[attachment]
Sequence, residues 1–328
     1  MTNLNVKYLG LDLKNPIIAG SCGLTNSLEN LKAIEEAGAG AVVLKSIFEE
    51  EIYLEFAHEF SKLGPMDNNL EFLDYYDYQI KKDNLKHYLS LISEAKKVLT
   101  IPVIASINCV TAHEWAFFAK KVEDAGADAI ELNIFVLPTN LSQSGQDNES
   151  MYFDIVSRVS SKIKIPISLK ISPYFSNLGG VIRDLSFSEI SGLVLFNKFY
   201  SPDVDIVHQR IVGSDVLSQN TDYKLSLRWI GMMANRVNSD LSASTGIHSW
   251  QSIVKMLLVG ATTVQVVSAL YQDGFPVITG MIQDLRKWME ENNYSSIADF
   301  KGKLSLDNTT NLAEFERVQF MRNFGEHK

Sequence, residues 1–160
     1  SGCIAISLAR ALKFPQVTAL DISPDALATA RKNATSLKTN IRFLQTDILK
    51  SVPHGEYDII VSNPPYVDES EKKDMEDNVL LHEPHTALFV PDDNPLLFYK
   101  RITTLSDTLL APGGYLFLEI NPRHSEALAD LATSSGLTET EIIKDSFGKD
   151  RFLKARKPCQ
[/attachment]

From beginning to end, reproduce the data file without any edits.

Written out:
Sequence, residues 1–328
     1  MTNLNVKYLG LDLKNPIIAG SCGLTNSLEN LKAIEEAGAG AVVLKSIFEE
    51  EIYLEFAHEF SKLGPMDNNL EFLDYYDYQI KKDNLKHYLS LISEAKKVLT
   101  IPVIASINCV TAHEWAFFAK KVEDAGADAI ELNIFVLPTN LSQSGQDNES
   151  MYFDIVSRVS SKIKIPISLK ISPYFSNLGG VIRDLSFSEI SGLVLFNKFY
   201  SPDVDIVHQR IVGSDVLSQN TDYKLSLRWI GMMANRVNSD LSASTGIHSW
   251  QSIVKMLLVG ATTVQVVSAL YQDGFPVITG MIQDLRKWME ENNYSSIADF
   301  KGKLSLDNTT NLAEFERVQF MRNFGEHK

Sequence, residues 1–160
     1  SGCIAISLAR ALKFPQVTAL DISPDALATA RKNATSLKTN IRFLQTDILK
    51  SVPHGEYDII VSNPPYVDES EKKDMEDNVL LHEPHTALFV PDDNPLLFYK
   101  RITTLSDTLL APGGYLFLEI NPRHSEALAD LATSSGLTET EIIKDSFGKD
   151  RFLKARKPCQ